In order to adequately face the challenges that a firefighter faces on a daily basis one should understand the importance of detecting the harmful gases present, in order to be alerted to danger and to ensure the correct precautions are taken to prevent exposure.

Understanding the different types of gases and the dangers that they can pose to people is the first step in choosing the correct form of gas detection.

Even the most common gases, such as oxygen and nitrogen, can have devastating effects if present at certain levels.

Each gas has exposure limits (the concentration to which workers can be exposed continuously for a short period of time), which are broken down into permissible exposure limit, short-term exposure limit and threshold limit value.

As with all safety equipment, unless you know how to use it properly then you may not be benefitting from the protection that the equipment can provide.

It is important that all personnel that come into contact with gas detection equipment are properly trained.

Training could cover general information about the devices, how to handle them, the care, maintenance and calibration, as well as practical training. The important thing is that the user understands how to use the equipment, and how to react if it alerts them to the presence of gas.

Of course, turning on the gas detector is not the end of the story; if the user is working in a confined space then confined space training should also be undertaken.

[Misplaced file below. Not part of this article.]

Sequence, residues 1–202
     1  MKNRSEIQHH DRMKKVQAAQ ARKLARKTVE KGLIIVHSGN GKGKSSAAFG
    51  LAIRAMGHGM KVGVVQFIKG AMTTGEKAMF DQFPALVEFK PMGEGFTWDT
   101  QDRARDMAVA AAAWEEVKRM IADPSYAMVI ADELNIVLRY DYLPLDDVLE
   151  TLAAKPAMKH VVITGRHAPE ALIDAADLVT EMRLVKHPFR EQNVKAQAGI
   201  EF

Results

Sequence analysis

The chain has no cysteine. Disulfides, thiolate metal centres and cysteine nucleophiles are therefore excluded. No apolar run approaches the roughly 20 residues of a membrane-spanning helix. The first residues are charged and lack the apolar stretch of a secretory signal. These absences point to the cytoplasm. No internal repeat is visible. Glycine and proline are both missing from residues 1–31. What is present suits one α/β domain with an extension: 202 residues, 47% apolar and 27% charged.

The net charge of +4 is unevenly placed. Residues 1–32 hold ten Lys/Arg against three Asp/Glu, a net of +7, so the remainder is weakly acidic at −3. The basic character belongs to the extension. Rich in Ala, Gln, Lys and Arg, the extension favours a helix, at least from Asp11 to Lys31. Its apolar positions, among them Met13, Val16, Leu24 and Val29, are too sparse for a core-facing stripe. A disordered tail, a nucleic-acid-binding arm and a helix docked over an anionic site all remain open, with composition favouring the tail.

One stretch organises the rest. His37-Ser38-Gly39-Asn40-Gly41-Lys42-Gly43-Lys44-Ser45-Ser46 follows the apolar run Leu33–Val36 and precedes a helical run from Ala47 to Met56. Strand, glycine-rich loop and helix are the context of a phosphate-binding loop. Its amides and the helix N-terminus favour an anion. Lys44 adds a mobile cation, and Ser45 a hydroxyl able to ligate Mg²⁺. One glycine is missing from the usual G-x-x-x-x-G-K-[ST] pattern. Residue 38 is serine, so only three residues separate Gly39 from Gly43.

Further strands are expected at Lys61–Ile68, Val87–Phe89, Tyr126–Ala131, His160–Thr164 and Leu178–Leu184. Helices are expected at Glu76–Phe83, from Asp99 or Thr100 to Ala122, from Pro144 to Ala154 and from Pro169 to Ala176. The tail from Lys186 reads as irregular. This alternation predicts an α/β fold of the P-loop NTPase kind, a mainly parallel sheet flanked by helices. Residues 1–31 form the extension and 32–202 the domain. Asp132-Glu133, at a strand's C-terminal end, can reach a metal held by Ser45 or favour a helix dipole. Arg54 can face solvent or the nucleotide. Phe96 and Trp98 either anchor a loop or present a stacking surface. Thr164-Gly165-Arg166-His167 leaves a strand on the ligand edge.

The importance of understanding the risks, putting gas monitoring procedures in place and adequately protecting against residual risks cannot be underestimated when it comes to protecting workers.

With training and proper maintenance your business will be much better equipped to handle the risks of dangerous gases.

In order to keep safe where there is the potential for a hazardous atmosphere it is important be knowledgeable on the following:

  • Fire tetrahedron and how heat, oxygen, fuel and a chemical reaction can create a dangerous environment
  • Differences between the different sensor technologies and which technology is optimal for the different hazards you may encounter daily.
  • How to properly service and maintaining the equipment for optimal use and longevity.
  • Bumping and calibrating the equipment in order to accurately assess the correct hazard
Scroll to Top